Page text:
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Country Fund Discounts, Asymmetric Information and the Mexican Crisis of 1994: Did Local Residents Turn Pessimistic Before International Investors?

  • Jeffrey A. Frankel
  • Sergio L. Schmukler

It has been suggested that Mexican investors were the front-runners in the peso crisis of December 1994, turning pessimistic before international investors. Different expectations about their own economy, perhaps due to asymmetric information, prompted Mexican investors to be the first ones to leave the country. This paper uses data from three Mexican country funds to investigate the hypothesis of divergent expectations. We find that, right before the devaluation, Mexican fund Net Asset Values (mainly driven by Mexican investors) dropped faster than Mexican country fund prices (mainly driven by foreign investors). Moreover, we find that Mexican NAVs tend to Granger-cause the country fund prices. This suggests that causality, in some sense, flows from the Mexico City investor community to the Wall Street investor community. More generally, the paper proposes an asymmetric information approach that differs from the existing explanations of country fund discounts.

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Paper provided by National Bureau of Economic Research, Inc in its series NBER Working Papers with number 5714.

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Date of creation: Aug 1996
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Publication status: published as Reprinted in Currency Crashes: Causes, Consequences and Policy Responses, edited by George Tavlas, Kluwer, 1997, 81-104.
Handle: RePEc:nbr:nberwo:5714
Note: AP IFM
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  1. Jeffrey A. Frankel, 1997. "Sterilization of money inflows: Difficult (Calvo) or Easy (Reisen)?," Estudios de Economia, University of Chile, Department of Economics, vol. 24(2 Year 19), pages 263-285, December.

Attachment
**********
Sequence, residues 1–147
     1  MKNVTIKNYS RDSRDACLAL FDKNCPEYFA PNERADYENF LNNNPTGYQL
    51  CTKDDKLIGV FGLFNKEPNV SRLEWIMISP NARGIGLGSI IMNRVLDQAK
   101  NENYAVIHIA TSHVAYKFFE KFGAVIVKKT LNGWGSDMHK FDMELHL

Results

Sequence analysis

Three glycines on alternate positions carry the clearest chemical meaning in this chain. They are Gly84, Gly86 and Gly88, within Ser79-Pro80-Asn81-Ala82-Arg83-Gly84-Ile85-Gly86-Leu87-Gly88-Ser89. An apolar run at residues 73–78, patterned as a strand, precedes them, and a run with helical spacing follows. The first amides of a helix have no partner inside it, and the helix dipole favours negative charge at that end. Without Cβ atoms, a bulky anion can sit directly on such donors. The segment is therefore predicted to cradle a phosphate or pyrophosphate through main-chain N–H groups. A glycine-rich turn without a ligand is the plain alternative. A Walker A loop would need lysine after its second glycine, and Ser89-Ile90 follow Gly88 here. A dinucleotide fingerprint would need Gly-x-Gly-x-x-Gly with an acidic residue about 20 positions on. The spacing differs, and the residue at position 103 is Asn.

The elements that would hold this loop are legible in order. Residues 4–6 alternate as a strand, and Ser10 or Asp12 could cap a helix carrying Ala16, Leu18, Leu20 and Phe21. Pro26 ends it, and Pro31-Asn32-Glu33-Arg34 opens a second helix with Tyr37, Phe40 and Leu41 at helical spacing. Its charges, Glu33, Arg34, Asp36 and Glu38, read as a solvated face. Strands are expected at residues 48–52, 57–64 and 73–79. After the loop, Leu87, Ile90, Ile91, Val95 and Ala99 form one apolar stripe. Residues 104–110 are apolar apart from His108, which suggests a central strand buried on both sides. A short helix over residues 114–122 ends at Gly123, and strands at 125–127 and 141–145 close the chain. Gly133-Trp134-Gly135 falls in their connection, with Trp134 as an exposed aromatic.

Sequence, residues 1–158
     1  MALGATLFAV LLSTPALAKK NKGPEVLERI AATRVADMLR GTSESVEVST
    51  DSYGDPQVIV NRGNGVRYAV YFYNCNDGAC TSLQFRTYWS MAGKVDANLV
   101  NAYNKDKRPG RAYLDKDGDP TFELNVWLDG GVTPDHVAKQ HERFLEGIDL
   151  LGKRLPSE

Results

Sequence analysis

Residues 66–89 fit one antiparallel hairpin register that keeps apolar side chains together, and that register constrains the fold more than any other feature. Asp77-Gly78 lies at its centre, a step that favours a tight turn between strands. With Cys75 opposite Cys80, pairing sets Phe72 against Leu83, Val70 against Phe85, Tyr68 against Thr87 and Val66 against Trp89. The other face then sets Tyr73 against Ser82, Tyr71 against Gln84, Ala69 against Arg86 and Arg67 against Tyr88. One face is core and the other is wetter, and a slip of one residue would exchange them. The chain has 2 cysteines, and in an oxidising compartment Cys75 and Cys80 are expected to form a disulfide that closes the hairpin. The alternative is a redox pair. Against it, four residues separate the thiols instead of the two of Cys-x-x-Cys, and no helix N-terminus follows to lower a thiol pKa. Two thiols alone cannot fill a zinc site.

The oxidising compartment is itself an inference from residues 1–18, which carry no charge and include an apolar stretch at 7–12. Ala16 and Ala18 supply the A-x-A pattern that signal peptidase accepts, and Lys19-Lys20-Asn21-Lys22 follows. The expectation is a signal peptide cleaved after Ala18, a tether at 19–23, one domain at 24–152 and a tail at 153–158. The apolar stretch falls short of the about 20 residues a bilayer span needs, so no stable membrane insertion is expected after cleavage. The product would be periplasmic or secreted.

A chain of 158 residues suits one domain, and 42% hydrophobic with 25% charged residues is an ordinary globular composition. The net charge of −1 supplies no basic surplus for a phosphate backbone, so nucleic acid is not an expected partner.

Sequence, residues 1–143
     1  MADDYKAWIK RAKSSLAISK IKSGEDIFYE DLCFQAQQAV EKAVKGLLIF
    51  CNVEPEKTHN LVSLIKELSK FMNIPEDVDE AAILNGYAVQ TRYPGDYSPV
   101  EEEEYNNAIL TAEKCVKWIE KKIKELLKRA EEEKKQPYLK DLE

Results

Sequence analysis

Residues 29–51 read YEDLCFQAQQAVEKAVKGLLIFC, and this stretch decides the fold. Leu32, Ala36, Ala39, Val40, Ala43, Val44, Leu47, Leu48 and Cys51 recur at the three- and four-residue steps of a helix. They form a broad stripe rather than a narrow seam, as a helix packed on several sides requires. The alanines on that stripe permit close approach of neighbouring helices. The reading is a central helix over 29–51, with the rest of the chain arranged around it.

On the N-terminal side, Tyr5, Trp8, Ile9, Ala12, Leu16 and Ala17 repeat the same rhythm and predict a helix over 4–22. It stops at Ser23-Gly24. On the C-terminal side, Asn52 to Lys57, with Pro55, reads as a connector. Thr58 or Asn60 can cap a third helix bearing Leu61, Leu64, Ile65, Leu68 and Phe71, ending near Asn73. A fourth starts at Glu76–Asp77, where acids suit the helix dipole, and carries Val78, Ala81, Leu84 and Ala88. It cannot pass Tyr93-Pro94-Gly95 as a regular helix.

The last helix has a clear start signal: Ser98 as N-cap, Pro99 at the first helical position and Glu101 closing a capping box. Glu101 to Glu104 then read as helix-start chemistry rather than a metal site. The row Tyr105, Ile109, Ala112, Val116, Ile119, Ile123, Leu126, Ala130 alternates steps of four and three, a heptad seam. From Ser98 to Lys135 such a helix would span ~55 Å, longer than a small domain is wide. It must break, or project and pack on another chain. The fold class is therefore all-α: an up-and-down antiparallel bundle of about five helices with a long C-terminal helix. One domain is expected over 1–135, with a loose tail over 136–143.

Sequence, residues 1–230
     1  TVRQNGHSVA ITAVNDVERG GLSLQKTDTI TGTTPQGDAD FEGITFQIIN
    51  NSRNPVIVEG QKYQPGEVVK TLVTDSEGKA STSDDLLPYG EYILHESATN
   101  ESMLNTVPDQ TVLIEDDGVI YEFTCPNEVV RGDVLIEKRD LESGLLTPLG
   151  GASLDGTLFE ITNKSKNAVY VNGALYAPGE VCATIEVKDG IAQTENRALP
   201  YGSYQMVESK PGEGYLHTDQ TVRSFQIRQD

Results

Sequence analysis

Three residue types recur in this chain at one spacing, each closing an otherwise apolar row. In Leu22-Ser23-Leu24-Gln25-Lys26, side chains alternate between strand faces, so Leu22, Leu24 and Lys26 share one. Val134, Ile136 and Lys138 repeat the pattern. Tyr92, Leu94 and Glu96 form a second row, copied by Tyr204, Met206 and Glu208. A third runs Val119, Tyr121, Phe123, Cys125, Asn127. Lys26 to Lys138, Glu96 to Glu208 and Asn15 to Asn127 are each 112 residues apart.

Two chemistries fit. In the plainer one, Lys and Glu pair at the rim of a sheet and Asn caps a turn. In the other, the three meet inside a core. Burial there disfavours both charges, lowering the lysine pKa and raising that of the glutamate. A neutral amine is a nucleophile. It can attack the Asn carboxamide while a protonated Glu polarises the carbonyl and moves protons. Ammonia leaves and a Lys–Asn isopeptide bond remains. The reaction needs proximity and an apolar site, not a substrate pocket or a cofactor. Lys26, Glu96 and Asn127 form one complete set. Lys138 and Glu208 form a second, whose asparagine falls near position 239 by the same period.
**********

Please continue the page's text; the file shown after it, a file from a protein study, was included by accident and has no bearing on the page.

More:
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  8. Fernandez-Arias, Eduardo & DEC, 1994. "The new wave of private capital inflows : push or pull?," Policy Research Working Paper Series 1312, The World Bank.
  9. De Long, J Bradford & Andrei Shleifer & Lawrence H. Summers & Robert J. Waldmann, 1990. "Noise Trader Risk in Financial Markets," Journal of Political Economy, University of Chicago Press, vol. 98(4), pages 703-38, August.
  10. Frankel, Jeffrey A. & Schmukler, Sergio L., 1998. "Country funds and asymmetric information," Policy Research Working Paper Series 1886, The World Bank.
  11. Lee, Charles M C & Shleifer, Andrei & Thaler, Richard H, 1990. "Closed-End Mutual Funds," Journal of Economic Perspectives, American Economic Association, vol. 4(4), pages 153-64, Fall.
  12. Banerjee, Anindya & Dolado, Juan J. & Galbraith, John W. & Hendry, David, 1993. "Co-integration, Error Correction, and the Econometric Analysis of Non-Stationary Data," OUP Catalogue, Oxford University Press, number 9780198288107, March.
  13. Robert Brandon Kahn & Adam Bennett & María Vicenta Carkovic S. & Susan Schadler, 1993. "Recent Experiences with Surges in Capital Inflows," IMF Occasional Papers 108, International Monetary Fund.
  14. Charles Frederick Kramer & T. Todd Smith, 1995. "Recent Turmoil in Emerging Markets and the Behavior of Country-Fund Discounts; Renewing the Puzzle of the Pricing of Closed-End Mutual Funds," IMF Working Papers 95/68, International Monetary Fund.
  15. Akerlof, George A, 1970. "The Market for 'Lemons': Quality Uncertainty and the Market Mechanism," The Quarterly Journal of Economics, MIT Press, vol. 84(3), pages 488-500, August.
  16. Chuhan, Punam & Claessens, Stijn & Mamingi, Nlandu, 1998. "Equity and bond flows to Latin America and Asia: the role of global and country factors," Journal of Development Economics, Elsevier, vol. 55(2), pages 439-463, April.
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